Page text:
Ex-CIA Chief Felt 'Embarrassment' When Obama Backed Away From 'Red Line' in Syria

Patrick Goodenough | May 2, 2014 | 8:05pm EDT
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Former CIA director Gen. Michael Hayden (AP Photo/Kevin Wolf)

(CNSNews.com) – President Obama’s decision to hold off on military action against the Assad regime after signaling that it was on the cards in response to last summer’s chemical weapons attack made the U.S. “appear weak,” former CIA Director Gen. Michael Hayden said on Thursday.

“My raw emotion, watching it from the outside, was just embarrassment,” he said.

“Sometimes the certainty of an action is far more powerful than the severity of an action,” Hayden told the Foundation for Defense of Democracies’ annual forum in Washington.

“We’ve made everything uncertain, which actually makes you appear weak at some times, but also then demands that when you want to appear strong, you may have to be overly severe to overcome the uncertainty. It’s just bad all around.”

Hayden, speaking after being honored with the FDD’s George P. Shultz Award, said the Syria “red line” episode “just cost in so many ways.  And that sounds judgmental and it probably was, but – and I try not to do that, being an intelligence officer – but I just don’t understand.”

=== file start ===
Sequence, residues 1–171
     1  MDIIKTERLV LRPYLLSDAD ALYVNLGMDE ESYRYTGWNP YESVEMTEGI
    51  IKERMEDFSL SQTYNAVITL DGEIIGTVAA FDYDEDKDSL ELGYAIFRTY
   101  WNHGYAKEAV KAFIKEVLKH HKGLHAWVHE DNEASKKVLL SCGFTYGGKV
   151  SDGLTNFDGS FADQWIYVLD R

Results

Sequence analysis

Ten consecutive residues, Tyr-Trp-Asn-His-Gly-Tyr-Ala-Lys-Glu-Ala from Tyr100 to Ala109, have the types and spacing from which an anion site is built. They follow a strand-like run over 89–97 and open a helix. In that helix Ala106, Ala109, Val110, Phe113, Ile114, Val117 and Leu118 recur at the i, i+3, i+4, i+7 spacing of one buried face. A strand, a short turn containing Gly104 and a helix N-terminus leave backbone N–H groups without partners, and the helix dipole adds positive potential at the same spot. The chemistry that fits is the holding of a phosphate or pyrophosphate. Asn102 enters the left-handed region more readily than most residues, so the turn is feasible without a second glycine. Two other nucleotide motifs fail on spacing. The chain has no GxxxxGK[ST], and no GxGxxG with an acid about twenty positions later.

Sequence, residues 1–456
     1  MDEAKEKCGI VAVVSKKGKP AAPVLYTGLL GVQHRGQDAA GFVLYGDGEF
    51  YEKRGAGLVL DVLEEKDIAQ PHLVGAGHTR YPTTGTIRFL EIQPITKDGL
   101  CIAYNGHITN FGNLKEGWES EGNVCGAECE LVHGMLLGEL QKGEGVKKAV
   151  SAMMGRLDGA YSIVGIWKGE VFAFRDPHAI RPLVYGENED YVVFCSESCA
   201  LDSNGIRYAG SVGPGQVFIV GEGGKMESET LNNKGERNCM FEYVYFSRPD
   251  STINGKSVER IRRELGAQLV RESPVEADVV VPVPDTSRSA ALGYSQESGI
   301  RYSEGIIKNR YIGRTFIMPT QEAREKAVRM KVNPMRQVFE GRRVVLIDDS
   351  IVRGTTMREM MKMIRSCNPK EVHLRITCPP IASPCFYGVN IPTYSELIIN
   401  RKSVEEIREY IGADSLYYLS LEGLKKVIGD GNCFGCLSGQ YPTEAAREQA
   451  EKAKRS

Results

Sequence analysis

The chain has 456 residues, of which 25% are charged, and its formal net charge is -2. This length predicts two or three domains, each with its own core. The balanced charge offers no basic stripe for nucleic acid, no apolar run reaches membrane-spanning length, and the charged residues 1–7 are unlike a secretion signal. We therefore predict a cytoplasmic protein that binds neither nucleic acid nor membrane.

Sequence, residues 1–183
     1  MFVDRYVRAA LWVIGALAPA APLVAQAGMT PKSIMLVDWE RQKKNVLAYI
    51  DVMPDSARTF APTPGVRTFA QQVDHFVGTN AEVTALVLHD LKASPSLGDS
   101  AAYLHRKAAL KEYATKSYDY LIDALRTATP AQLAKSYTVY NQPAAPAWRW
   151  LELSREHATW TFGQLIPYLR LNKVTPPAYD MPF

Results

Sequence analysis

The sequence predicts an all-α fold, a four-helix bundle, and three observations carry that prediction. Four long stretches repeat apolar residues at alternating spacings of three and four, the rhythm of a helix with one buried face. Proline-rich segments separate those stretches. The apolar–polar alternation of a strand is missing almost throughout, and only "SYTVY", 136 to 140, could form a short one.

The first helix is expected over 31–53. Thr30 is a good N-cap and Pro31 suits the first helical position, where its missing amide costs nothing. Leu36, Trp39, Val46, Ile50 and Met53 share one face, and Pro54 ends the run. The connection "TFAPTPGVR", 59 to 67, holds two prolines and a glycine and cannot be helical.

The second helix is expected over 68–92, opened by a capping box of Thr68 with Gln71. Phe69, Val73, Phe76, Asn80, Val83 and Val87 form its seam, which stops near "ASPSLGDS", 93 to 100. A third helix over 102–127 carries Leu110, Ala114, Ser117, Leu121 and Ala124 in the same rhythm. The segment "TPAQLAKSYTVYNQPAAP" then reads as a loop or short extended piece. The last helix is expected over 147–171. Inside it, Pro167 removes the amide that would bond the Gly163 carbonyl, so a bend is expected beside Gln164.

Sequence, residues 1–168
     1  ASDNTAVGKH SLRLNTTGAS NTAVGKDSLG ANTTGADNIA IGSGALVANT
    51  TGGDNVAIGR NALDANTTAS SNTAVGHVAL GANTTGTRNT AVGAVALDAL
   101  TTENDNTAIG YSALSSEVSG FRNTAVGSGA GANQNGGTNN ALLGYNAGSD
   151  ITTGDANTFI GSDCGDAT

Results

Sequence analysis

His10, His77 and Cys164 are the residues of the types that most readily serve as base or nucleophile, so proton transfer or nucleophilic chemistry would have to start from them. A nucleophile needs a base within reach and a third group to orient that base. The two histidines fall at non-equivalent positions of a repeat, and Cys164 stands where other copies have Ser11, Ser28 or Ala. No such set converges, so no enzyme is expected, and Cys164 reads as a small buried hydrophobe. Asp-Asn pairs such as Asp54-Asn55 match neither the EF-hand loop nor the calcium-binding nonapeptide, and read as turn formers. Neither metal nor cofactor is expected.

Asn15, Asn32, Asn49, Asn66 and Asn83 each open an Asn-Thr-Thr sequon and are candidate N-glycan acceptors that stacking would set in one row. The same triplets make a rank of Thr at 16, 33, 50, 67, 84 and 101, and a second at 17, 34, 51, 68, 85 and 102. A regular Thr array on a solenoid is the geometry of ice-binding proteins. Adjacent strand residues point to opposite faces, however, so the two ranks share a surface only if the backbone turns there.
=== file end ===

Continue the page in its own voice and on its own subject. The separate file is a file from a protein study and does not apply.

He recalled watching Secretary of State John Kerry deliver a speech on Friday, August 30, making a case for limited military action to punish President Bashar Assad for the chemical attack.

“I mean, that was a presidential speech.  I mean, it really was, and a good one, I mean if you were going to go to war,” he said. “And so we were all geared up for the Saturday morning announcement the next day, where the president would have said: ‘I’m informing the American public that two hours ago …’ and so on and so forth.

“And he didn’t. What he said was, [Chief of Staff] Denis [McDonough] and I took a walk on the South Lawn last night and we decided we’ll toss this to Congress. They’ll decide,” Hayden said.

Almost exactly one year before the August 21 chemical attack near Damascus – in which more than 1,400 people died, according to the administration – Obama raised the “red line” as he addressed concerns that chemical weapons could be used in the Syrian civil war.

“We cannot have a situation where chemical or biological weapons are falling into the hands of the wrong people,” he said then.

“We have been very clear to the Assad regime, but also to other players on the ground, that a red line for us is we start seeing a whole bunch of chemical weapons moving around or being utilized. That would change my calculus. That would change my equation.”

The military strikes signaled by the adminstration after the attack never took place. The White House says the threat worked, however, in that Syria agreed – prodded by its ally Russia – to surrender its chemical weapons stockpile.

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